**Freakonometrics - Tag - R-english**, and kindly contributed to R-bloggers)

It is common to look at *best*

time at the Marathon. Or perhaps the distribution of the top100, as

done by John Myles White on his blog here

(data can be found there), as

the graph below, with the density of the time for the first 100 men (in blue) and the first 100 women

(in red).

Hence, men and women are different and men run faster than women. So

what…?

A lot of people run those marathon. Almost 40,000 ran (and finished) the

one in New York City. Instead of 100, shouldn’t we keep more runners, e.g

the top 5% ?

The other point is that it might be interesting to correct (or control)

with the age. If men and women running the marathon do not have the

same age, it might be an explanation for that difference.

Unfortunately, to run a quantile regression properly I need the entire

dataset, with 40,000 runners. And on the website of the NY Marathon (here) it is

possible to extract some information, but not the entire dataset (and

my standard R robots did not work here). So I managed to extract the

“worst” 10% runners in 2008, and run a quantile regression to get the

95% quantile regression curve, using the idea mentioned here.

I got the 95% quantile curve for men (in blue) and women (in red), and similarly for top runner, namely

the 5% quantile curve.

On those graphs, if we exclude runners under 22, quantile curves for men

are usually below the ones for women. Which confirms the first order

dominance mentioned by John,

For those willing to play, here is the code (it is dirty since my

dataset was dirty)

dataend=read.table("/home/arthur/NY2008-top.csv",header=FALSE,sep="t")

nrow(dataend)

I=dataend[,5]

I[is.na(dataend[,5])]=dataend[is.na(dataend[,5]),6]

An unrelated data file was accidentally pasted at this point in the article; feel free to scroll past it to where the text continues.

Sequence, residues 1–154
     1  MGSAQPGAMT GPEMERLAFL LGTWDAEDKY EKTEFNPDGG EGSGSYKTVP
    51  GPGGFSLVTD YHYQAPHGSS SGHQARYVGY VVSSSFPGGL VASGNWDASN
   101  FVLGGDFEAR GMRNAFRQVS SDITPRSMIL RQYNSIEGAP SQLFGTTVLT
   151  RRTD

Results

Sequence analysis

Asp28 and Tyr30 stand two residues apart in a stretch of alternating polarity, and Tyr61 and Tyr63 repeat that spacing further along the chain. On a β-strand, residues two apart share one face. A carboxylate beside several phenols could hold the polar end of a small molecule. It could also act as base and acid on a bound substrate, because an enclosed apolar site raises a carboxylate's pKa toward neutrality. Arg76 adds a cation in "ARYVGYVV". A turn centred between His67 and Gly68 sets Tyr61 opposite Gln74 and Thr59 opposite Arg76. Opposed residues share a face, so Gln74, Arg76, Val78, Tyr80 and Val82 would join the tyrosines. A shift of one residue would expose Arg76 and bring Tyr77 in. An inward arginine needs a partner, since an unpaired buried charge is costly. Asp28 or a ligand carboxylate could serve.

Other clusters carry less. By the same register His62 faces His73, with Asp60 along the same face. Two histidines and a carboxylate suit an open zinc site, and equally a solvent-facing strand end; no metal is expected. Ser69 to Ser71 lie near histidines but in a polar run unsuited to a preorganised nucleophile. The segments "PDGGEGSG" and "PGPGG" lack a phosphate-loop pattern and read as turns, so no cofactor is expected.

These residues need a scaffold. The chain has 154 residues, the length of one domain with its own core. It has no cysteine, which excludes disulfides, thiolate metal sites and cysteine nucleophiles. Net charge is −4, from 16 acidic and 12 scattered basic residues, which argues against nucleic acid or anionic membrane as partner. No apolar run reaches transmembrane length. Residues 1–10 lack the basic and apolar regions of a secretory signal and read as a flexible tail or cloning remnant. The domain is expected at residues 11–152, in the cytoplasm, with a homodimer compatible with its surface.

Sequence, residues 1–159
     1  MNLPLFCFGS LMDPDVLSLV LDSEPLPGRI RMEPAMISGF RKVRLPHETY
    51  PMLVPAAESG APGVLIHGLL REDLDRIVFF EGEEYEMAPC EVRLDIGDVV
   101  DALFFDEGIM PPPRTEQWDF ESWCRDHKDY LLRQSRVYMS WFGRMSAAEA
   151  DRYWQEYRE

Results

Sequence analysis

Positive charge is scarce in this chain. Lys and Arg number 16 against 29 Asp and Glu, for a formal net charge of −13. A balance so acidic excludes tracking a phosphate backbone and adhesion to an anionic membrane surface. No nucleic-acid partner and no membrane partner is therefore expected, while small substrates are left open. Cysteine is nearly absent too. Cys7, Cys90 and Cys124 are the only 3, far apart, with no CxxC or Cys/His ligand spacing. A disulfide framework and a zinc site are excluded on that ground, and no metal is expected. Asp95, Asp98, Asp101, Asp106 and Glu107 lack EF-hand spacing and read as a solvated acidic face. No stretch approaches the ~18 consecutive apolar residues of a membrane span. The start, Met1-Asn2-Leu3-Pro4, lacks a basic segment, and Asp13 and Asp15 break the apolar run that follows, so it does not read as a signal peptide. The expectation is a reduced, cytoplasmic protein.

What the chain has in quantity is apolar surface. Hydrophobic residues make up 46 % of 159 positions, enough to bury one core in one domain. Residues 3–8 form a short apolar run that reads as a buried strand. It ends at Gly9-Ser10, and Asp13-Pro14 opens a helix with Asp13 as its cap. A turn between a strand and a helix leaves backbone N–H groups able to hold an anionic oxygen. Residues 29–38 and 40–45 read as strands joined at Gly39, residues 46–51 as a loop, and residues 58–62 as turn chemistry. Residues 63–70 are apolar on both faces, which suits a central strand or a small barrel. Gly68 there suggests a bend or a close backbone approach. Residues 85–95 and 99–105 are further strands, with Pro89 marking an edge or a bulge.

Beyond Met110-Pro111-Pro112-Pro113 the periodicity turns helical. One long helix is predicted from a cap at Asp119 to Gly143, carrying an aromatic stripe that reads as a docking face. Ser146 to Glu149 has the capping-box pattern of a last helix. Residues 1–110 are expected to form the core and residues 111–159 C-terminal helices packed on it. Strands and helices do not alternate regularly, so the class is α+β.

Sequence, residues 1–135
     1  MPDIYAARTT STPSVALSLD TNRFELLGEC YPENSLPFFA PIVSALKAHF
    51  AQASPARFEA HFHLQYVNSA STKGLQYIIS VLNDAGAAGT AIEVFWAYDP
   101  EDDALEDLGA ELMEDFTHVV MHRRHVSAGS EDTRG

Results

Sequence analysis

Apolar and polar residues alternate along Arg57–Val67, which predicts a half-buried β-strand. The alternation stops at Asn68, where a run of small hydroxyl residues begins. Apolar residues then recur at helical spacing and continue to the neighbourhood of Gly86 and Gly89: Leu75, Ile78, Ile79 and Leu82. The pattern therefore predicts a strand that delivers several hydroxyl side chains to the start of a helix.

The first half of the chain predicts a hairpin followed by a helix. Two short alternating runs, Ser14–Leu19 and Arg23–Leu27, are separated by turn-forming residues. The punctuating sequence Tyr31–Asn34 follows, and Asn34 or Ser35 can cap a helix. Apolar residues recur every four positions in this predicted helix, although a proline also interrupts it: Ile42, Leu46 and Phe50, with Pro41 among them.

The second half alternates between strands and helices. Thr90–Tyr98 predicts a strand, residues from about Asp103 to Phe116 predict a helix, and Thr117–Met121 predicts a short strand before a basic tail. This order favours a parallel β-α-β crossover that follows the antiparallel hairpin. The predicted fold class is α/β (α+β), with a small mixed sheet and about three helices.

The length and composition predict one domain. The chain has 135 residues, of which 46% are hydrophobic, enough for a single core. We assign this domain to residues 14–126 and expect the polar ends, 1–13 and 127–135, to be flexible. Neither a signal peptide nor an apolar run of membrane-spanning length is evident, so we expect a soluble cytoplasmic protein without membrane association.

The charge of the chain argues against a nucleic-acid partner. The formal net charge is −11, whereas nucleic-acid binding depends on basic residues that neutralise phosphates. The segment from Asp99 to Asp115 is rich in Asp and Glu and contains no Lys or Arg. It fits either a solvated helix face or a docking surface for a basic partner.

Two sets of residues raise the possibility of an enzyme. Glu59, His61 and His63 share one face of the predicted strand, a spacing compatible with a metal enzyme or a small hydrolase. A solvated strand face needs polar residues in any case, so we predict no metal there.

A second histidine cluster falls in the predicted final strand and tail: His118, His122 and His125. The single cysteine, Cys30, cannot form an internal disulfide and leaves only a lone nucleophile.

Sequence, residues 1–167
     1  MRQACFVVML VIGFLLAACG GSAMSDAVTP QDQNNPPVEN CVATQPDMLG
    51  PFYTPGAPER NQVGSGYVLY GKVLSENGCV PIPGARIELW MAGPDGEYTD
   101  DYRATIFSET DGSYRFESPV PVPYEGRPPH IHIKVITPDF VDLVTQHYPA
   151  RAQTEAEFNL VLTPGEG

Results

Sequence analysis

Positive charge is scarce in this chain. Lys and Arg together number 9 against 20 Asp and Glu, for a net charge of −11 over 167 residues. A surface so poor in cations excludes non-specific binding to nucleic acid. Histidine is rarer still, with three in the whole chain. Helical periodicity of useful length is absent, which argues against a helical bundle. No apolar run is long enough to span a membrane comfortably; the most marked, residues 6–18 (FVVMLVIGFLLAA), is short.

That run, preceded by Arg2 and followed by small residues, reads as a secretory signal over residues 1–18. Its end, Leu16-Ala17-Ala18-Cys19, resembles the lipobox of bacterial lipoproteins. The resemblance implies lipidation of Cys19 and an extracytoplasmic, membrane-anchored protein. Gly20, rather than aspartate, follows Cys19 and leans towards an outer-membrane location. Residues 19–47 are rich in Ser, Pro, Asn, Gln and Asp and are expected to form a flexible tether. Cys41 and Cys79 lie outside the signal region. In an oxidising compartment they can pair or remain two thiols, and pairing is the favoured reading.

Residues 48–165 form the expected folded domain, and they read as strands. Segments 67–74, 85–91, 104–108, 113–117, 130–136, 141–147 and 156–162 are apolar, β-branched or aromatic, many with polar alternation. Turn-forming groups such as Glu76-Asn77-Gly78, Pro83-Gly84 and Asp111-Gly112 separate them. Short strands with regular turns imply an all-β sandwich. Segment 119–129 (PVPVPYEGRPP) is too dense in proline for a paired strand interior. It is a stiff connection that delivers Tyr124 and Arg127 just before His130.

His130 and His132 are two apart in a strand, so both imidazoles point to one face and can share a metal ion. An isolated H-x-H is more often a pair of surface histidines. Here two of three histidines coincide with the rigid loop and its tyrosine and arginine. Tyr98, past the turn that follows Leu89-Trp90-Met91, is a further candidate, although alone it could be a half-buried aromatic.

q=which(substr(as.character(I),1,1)%in%c("M","F"))

I=I[q]

age=as.numeric(substr(as.character(I),2,3))

sex=substr(as.character(I),1,1)=="M"

tp=as.character(dataend[,45])

i=which(tp=="");tp[i]=as.character(dataend[i,44])

i=which(tp=="");tp[i]=as.character(dataend[i,43])

i=which(tp=="");tp[i]=as.character(dataend[i,42])

tp=tp[q]

temps=((as.numeric(substr(tp,1,1))+as.numeric(substr(tp,3,4))/60)*26.21875)/60

propend=length(tp)/n2008Men

base=data.frame(age,temps)

base=base[sex==TRUE,]

reg=rq(temps~bs(age,7),data=base,tau=.05/propend)

u=seq(20,80)

bu=data.frame(age=u)

y2008m=predict(reg,newdata=bu)

propend=length(tp)/n2008Women

base=data.frame(age,temps)

base=base[sex==FALSE,]

reg=rq(temps~bs(age,5),data=base,tau=.05/propend)

u=seq(20,80)

bu=data.frame(age=u)

y2008w=predict(reg,newdata=bu)

But looking at archives (here 1983 compared with 2008) I noticed something

strange. First, if we compare number of runners (here starters),

Men | Women | |

1983 | 12,838 | 2,553 |

2008 | 25,669 | 13,163 |

the marathon nowadays. So this might have an impact on the results,

On the graph above, the have a **strong**

line for 2008 and a thin one for 1983, and again men in blue and women in red. It looks like fast runners run as fast as before, but since there are more and more runners, the quantiles are going up, And by

that time, women who ran the marathon were performing extremely well

compared with men.

Anyway, this is now really a statistical analysis, but more a “*how to say something when you cannot
access a database entirely*“. But I still hope someday I will…

**leave a comment**for the author, please follow the link and comment on his blog:

**Freakonometrics - Tag - R-english**.

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